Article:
Nobody in a business should be composing applications or changing component relationships without involving EA, ALM or both. It's good practice to assume that valid new applications or workflow relationships could arise from a business need and be passed through EA modeling to establish the scope and benefits. New applications or major application changes should follow this path. So it's at the handoff between EA and the development or operations groups where security changes should be made to service or microservice components.
Minor changes in applications often bypass the EA process. Here the goal should be to enforce GRC in the ALM flow. To do this, it is absolutely critical that every application description includes a list of the services or microservices it references. It's also important that any change to a service be used as a trigger to activate ALM on all the applications where that service is used. Microservice evolution in application development sometimes skips this service-driven-ALM approach, and this can result a major security and compliance blunder.
Extensive use of microservices and "compositional development" by assembling services rather than low-level programming can eventually leave IT with a collection of microservices and not really a collection of applications. To avoid this, a business can use both EA and ALM to look at possible service combinations and their GRC implications as opposed to testing static sets of service-to-application relationships.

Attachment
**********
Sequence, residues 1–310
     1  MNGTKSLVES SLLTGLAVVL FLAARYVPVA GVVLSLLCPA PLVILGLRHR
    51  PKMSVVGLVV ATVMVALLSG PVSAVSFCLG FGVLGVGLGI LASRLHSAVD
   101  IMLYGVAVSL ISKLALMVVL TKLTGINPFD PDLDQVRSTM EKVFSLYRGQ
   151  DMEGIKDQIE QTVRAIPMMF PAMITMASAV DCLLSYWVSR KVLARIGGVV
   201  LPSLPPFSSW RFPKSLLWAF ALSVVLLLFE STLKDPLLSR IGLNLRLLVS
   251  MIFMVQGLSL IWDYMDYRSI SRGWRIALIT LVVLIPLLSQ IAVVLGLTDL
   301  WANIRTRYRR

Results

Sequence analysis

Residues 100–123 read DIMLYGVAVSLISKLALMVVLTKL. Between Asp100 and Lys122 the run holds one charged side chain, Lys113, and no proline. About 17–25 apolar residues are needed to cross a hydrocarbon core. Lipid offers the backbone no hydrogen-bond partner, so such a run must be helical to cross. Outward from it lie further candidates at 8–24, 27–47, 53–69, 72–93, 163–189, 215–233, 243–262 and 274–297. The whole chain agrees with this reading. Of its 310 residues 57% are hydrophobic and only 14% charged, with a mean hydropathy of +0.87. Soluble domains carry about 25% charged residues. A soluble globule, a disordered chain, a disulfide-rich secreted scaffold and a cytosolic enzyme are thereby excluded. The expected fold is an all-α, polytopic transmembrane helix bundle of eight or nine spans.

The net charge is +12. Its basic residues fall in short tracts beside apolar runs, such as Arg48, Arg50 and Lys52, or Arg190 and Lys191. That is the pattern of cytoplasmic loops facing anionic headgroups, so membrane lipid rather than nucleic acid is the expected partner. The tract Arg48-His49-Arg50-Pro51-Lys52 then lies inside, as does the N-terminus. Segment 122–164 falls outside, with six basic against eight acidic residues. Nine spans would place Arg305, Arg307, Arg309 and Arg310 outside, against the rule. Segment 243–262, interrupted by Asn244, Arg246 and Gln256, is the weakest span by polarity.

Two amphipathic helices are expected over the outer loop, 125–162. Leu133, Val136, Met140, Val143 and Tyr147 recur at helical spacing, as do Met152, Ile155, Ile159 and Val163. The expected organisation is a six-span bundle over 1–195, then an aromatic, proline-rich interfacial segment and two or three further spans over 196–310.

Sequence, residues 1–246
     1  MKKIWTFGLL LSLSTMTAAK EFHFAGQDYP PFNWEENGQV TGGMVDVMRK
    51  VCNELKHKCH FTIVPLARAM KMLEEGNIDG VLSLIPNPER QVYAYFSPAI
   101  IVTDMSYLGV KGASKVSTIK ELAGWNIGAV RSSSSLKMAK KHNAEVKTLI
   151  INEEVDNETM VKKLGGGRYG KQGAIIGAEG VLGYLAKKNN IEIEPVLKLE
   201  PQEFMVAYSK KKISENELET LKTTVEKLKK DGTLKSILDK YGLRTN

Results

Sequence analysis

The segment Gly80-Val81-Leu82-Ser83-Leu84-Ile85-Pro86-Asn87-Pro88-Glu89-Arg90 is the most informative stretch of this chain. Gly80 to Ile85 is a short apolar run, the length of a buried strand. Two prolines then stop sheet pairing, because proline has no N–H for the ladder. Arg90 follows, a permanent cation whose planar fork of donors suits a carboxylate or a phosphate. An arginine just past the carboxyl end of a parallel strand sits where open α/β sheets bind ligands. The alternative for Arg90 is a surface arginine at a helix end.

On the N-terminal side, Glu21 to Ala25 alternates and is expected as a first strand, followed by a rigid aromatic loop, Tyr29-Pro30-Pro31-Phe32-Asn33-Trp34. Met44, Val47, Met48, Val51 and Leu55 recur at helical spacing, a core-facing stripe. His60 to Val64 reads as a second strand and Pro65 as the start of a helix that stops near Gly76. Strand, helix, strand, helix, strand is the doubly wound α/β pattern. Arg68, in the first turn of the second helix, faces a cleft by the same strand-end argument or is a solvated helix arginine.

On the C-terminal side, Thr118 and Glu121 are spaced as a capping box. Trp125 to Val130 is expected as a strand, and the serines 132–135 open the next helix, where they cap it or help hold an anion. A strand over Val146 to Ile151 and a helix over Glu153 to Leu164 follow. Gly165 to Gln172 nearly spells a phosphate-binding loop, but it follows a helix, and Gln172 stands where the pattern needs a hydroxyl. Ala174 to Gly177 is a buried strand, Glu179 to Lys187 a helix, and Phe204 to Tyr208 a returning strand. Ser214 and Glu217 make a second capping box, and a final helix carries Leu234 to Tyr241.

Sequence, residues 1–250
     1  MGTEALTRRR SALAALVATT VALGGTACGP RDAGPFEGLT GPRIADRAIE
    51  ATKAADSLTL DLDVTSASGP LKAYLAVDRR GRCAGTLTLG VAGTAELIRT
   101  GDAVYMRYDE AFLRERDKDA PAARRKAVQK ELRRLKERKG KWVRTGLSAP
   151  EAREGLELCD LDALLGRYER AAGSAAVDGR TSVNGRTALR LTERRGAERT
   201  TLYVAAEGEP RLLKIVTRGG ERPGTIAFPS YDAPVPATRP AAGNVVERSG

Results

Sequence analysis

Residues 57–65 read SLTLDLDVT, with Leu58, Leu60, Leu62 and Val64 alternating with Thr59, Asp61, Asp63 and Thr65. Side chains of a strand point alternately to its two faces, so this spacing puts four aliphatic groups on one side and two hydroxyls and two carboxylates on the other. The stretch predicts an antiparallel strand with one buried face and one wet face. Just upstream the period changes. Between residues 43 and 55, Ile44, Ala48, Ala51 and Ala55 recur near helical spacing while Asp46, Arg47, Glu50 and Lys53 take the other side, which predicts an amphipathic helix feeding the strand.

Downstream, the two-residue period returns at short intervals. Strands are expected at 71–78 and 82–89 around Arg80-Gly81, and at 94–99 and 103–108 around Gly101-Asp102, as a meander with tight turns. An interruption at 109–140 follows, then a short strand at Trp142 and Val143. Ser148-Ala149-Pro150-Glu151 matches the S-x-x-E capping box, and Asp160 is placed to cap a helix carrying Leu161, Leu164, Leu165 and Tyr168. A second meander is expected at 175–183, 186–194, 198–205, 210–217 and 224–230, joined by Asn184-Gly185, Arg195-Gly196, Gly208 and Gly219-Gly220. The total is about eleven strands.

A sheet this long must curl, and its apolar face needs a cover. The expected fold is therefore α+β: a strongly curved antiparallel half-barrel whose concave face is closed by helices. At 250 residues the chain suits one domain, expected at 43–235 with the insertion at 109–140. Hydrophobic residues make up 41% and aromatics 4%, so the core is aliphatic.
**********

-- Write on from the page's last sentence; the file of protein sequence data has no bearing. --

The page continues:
Managing this open-microservice future can be easier if you define a series of preferred states. These are states where most or even all service combinations are secure and compliant. Changes to services should then revalidate the GRC status of each of these states. As long as a new microservice or application relationship fits within the preferred states, it is assured of GRC support. That focuses both EA and ALM on recognizing a service combination that doesn't fit and validating a new preferred state to match it.
Microservices are likely to become, in effect, a high-level development language. That will have profound impacts on everything an IT organization does and how it does it. With microservices becoming mainstream, now is the time to get control of your own microservice GRC system and stay ahead of any potential issues.